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Non-additive effects of genotypic diversity increase floral abundance and abundance of floral visitors

Citation

Genung, MA and Lessard, JP and Brown, CB and Bunn, WA and Cregger, MA and Reynolds, WN and Felker-Quinn, E and Stevenson, ML and Hartley, AS and Crutsinger, GM and Schweitzer, JA and Bailey, JK, Non-additive effects of genotypic diversity increase floral abundance and abundance of floral visitors, PLoS ONE, 5, (1) EJ ISSN 1932-6203 (2010) [Refereed Article]

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Copyright Statement

Copyright: 2010 Genung et al. This is an open-access article distributed under the terms of the Creative Commons Attribution License, which permits unrestricted use, distribution, and reproduction in any medium, provided the original author and source are credited.

Official URL: http://www.plosone.org/article/info%3Adoi%2F10.137...

DOI: doi:10.1371/journal.pone.0008711

Abstract

Background In the emerging field of community and ecosystem genetics, genetic variation and diversity in dominant plant species have been shown to play fundamental roles in maintaining biodiversity and ecosystem function. However, the importance of intraspecific genetic variation and diversity to floral abundance and pollinator visitation has received little attention. Methodology/Principal Findings Using an experimental common garden that manipulated genotypic diversity (the number of distinct genotypes per plot) of Solidago altissima, we document that genotypic diversity of a dominant plant can indirectly influence flower visitor abundance. Across two years, we found that 1) plant genotype explained 45% and 92% of the variation in flower visitor abundance in 2007 and 2008, respectively; and 2) plant genotypic diversity had a positive and non-additive effect on floral abundance and the abundance of flower visitors, as plots established with multiple genotypes produced 25% more flowers and received 45% more flower visits than would be expected under an additive model. Conclusions/Significance These results provide evidence that declines in genotypic diversity may be an important but little considered factor for understanding plant-pollinator dynamics, with implications for the global decline in pollinators due to reduced plant diversity in both agricultural and natural ecosystems.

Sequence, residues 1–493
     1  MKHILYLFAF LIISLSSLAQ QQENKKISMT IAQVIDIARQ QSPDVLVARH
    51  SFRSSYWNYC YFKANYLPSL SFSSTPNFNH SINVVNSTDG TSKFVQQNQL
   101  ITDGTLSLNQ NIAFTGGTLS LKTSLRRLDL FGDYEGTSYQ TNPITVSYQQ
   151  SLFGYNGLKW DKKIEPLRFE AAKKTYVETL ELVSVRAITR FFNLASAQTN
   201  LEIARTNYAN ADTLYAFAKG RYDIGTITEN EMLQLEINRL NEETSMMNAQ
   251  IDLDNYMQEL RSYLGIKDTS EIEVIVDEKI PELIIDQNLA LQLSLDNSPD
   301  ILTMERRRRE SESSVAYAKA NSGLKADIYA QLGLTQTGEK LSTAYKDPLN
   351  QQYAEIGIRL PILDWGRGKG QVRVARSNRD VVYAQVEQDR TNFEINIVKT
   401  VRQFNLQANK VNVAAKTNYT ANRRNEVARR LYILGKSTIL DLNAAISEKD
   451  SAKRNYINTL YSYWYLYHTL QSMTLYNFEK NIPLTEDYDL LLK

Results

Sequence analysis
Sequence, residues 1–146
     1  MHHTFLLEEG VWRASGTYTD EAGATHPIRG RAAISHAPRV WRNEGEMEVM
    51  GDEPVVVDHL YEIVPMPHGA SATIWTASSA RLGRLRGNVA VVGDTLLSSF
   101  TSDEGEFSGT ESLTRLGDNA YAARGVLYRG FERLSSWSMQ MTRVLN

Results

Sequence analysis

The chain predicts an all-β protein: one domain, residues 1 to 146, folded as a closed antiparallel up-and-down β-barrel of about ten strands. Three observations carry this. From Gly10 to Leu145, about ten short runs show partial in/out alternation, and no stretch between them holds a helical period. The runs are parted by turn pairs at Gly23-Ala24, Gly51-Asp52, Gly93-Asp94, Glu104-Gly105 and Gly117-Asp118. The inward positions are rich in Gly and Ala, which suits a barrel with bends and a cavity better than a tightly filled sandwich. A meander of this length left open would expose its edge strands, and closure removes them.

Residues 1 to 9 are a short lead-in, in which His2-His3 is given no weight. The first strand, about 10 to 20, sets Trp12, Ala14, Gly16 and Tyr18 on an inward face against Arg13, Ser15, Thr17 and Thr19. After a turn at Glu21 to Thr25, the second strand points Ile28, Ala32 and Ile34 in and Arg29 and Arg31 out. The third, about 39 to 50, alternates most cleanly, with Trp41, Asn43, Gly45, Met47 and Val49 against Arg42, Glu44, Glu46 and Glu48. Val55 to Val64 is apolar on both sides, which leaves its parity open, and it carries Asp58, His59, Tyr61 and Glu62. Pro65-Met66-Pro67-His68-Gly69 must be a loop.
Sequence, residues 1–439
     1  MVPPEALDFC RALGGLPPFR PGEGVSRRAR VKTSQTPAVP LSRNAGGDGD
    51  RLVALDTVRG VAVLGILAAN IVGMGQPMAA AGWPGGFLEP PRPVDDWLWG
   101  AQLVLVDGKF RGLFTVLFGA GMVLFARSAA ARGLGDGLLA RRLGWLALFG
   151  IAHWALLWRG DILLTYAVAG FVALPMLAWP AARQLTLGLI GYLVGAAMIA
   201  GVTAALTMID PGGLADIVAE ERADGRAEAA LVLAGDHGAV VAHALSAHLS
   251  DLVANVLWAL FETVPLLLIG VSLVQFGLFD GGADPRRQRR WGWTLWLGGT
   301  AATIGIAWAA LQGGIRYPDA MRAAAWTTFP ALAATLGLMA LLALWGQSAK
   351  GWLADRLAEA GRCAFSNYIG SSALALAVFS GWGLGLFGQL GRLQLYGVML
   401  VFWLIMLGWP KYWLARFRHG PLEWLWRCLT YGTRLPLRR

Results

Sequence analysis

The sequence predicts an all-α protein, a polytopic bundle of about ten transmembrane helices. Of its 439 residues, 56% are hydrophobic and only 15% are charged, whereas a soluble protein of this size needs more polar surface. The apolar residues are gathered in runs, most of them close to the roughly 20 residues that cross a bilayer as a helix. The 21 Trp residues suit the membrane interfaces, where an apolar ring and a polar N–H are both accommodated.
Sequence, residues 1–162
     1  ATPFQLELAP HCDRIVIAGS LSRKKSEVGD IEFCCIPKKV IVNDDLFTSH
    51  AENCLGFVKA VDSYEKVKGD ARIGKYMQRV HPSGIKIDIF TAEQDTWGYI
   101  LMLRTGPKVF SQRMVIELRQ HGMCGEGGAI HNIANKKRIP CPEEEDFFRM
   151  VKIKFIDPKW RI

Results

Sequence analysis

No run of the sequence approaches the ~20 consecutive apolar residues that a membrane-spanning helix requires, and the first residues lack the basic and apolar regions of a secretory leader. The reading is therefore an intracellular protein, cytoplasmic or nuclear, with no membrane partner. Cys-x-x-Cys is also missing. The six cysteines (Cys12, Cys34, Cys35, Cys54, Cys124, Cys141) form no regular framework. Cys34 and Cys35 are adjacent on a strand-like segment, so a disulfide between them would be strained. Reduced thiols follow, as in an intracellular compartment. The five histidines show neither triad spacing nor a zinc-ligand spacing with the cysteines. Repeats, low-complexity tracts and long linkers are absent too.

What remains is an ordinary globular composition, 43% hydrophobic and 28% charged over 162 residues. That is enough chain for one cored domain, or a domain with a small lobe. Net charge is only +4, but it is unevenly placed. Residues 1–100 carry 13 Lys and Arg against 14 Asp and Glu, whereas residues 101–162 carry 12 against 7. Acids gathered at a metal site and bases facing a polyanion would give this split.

Item Details

Item Type:Refereed Article
Research Division:Biological Sciences
Research Group:Ecology
Research Field:Terrestrial Ecology
Objective Division:Environment
Objective Group:Ecosystem Assessment and Management
Objective Field:Ecosystem Assessment and Management at Regional or Larger Scales
Author:Schweitzer, JA (Dr Jen Schweitzer)
Author:Bailey, JK (Associate Professor Joe Bailey)
ID Code:67452
Year Published:2010
Web of Science® Times Cited:33
Deposited By:Plant Science
Deposited On:2011-03-03
Last Modified:2011-05-12
Downloads:227 View Download Statistics

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